Food History Needs Historians
You would think that with a field title like "food history," that historians writing books on that topic would be a given. Not so. In fact, I think it would be safe to say that at least 50% of the books marketed today as "food history" books are, in fact, written by people with little to no historical training at all. Journalists, scientists, home cooks, chefs, literature majors who like food, and people who think history is cool.
Which is great! I love people who love history. I just don't think that they should necessarily be writing authoritative food histories.
Maybe that makes me a heretic. After all, I'm also the type of historian who refuses to use the word "an" before the word "historian." I can't help it - I'm an Americanist. We pronounce the aitch.
But frankly, with a few notable exceptions, most food history books I've read as of late have been disappointments. In fact, the whole field is a bit of a disappointment. Many publishers seem to think that the history of a particular ingredient qualifies as "food history." Or the history of a recipe, or an ethnic cuisine. And these books may, indeed, be writing about the histories of these individual bits. But that does not, in and of itself, qualify as food history.
Because unlike most books published today, REAL food history is history first. If you wrote a science book about the ocean and spent more time describing the marine wildlife than you did actually presenting your research, you'd be laughed out of the academy. But this happens to food history all the time. Authors get caught up in describing things without actually analyzing them.
And that's where the trouble lies. History is all about taking primary sources, putting them in context, and drawing inferences about the lives of the people who lived in the past, and what their lives and actions mean for the present. The missing "ingredient" from most modern food histories? The people.
After all, what is the history of the tomato without people? Tomatoes didn't domesticate themselves. In fact, without the context of humanity and its quest for edibles, tomatoes really don't matter at all.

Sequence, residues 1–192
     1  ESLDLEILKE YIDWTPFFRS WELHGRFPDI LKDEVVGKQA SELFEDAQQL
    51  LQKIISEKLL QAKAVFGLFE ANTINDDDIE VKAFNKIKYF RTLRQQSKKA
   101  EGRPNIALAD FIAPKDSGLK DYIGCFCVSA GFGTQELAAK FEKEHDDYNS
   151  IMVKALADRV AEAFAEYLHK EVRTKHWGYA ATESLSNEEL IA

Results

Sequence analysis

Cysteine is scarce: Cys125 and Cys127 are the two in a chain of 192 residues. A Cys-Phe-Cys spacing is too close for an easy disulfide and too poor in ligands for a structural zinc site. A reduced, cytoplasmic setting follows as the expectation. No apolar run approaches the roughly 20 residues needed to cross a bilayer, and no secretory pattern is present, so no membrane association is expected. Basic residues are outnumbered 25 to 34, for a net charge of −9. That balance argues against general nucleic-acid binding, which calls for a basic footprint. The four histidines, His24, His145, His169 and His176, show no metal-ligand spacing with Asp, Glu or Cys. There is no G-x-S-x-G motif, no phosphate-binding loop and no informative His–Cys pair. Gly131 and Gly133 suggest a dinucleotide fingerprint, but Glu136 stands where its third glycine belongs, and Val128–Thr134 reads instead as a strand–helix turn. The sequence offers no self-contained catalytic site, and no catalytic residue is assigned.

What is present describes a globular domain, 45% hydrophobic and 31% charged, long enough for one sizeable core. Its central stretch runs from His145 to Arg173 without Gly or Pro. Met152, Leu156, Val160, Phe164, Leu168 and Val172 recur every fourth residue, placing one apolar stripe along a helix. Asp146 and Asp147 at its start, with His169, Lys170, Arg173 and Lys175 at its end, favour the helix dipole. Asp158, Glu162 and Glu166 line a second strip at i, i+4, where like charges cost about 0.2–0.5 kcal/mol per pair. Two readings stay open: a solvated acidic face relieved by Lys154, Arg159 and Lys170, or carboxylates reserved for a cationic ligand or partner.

True history answers the "so what?" question in a way that many modern food histories just don't seem to. Even some of the better histories written by academics which try to make themselves relevant by making connections to modern issues don't do a particularly good job of it. These attempts at relevancy often seem like something tacked on the end of the book at the behest of the publisher, rather than being rooted in the inquiry itself.
Because I'm more public historian than true member of the academe, for me the study of food and especially food history should help us illuminate our own ideas, pre-conceived notions, and biases about food, agriculture, and eating. WHY did we domesticate tomatoes from a tiny wild fruit? WHY did our food production system shift from home-based production to factory-based? WHY do we struggle so much with figuring out what is "healthy" to eat?
Food history is not an island. You need the context of agricultural history, transportation history, culinary history, ethnic history, political/policy history, the history of what is in fashion, the history of etiquette and manners, women's history, slave and servant history, the history of science.... I could go on.
Food is an inextricable part of our lives. It is literally the ONE THING that connects all humans across all times and spaces. Even the deaf, blind, mute, and/or paralyzed still need to eat and drink. It connects us in a way that language, art, music, dance, storytelling, and just about any other form of communication cannot.
To analyze it without context is just criminal.
In summation - if you want to write about food history, please do! But give the study of history just as much or more attention as you do the study of food. And publishers? Please vet your food history manuscripts by academic historians. Everyone, including future researchers, will thank you.
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Sarah Wassberg Johnson has an MA in Public History from the University at Albany and studies early 20th century food history.